April 27, 2009 at 9:59 am

Revolutionizing Angel Funding

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[EDITED 05/08/2009: see here] We are finally ready to go semi-public with our revolutionary new angel funding concept!  For the last year, Dave Lambert (the Tiltboy also known as Diceboy) and I have been working on an alternative mechanism for delivering seed funding to technology companies. [REDACTED 05/08/2009: see here].

Here’s the summary.  The market for seed capital is clearly broken. Most individual angels will only do about 1 deal per year, which means their portfolios lose money 40% of the time due to insufficient diversification. Even premier angel groups like the Band of Angels say they only do about 8 deals per year. Our math says you need to do 125 to achieve good diversification. On the other side of the table, only 14% of entrepreneurs who want angel funding will find it.  Those that do will spend about 6 months looking for money instead of building their businesses.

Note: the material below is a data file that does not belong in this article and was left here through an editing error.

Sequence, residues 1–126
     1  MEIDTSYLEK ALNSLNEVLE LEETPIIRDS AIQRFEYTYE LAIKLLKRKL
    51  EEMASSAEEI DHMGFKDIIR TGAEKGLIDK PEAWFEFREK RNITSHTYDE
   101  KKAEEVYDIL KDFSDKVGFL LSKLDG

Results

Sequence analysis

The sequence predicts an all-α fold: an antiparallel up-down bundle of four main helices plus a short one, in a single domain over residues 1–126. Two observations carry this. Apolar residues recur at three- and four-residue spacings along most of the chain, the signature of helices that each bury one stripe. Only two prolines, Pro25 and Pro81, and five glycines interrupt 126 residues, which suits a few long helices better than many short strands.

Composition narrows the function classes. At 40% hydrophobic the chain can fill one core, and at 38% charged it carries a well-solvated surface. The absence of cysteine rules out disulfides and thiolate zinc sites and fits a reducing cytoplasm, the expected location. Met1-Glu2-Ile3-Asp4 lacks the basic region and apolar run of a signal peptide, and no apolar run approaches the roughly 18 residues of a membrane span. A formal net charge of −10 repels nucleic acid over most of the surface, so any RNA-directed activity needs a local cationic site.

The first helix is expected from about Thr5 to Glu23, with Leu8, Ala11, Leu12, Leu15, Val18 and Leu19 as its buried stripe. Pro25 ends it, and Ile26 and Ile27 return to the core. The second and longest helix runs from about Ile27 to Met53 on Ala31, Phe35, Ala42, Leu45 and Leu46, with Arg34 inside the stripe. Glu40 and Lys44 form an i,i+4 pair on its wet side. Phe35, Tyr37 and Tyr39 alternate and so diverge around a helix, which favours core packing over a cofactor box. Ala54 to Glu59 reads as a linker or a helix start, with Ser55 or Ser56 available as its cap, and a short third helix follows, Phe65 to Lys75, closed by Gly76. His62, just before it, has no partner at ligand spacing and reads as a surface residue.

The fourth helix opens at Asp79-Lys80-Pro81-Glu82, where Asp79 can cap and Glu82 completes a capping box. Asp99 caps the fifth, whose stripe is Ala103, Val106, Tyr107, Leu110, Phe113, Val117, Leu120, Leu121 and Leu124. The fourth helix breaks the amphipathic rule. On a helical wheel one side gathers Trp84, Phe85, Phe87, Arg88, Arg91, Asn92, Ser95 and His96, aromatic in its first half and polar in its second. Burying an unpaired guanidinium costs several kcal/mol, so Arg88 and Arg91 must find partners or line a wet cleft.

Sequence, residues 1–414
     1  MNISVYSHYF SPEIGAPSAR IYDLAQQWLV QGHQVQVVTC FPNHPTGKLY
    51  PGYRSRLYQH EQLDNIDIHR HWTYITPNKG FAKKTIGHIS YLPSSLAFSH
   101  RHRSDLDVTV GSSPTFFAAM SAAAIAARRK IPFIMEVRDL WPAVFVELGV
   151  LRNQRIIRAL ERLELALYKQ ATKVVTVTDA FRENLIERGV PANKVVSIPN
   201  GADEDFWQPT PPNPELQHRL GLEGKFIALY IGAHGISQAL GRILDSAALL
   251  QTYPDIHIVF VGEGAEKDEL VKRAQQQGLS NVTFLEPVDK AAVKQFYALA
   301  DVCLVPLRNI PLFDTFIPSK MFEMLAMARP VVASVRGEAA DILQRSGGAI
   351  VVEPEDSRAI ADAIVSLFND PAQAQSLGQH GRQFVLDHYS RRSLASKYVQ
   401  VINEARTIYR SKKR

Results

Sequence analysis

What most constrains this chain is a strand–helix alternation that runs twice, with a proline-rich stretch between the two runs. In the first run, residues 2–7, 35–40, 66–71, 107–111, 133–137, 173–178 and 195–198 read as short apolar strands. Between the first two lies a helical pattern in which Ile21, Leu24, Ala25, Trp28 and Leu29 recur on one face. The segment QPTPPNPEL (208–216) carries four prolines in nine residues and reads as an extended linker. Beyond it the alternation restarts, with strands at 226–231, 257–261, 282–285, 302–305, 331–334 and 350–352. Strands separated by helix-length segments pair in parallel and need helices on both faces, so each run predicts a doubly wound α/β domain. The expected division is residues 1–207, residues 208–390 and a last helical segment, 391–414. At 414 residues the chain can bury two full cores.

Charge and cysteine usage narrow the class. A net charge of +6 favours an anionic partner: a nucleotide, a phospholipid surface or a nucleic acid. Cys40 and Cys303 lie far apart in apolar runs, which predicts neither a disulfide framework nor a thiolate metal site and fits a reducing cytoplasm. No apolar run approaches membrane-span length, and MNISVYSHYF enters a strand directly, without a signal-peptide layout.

This is a sorry state of affairs for a market where the overall annual return is 25%+. Here’s a straightforward application of portfolio theory that can fix it.  Have a large enough pool of money so one entity can do 125-200 deals per year. Then use an online screening process to give founders a yes or no in two weeks. Obviously, there are a ton of details beyond this, but those are what we’ve spent the last year figuring out.  If you’re curious, let me know in a comment here and I will contact you privately.[Links to files REDACTED 05/08/2009: see here].

Written by Kevin

April 20, 2009 at 11:59 pm

Brilliant or Crazy? I Really Don't Know.

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Apropos of Rafe’s last post on Complexity Economics, I ran across an economic stability proposal that is either brilliant or crazy. I both haven’t thought it over enough and am probably not qualified to determine which.

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Written by Kevin

March 1, 2009 at 4:32 pm

Must Read Article on the Financial Meltdown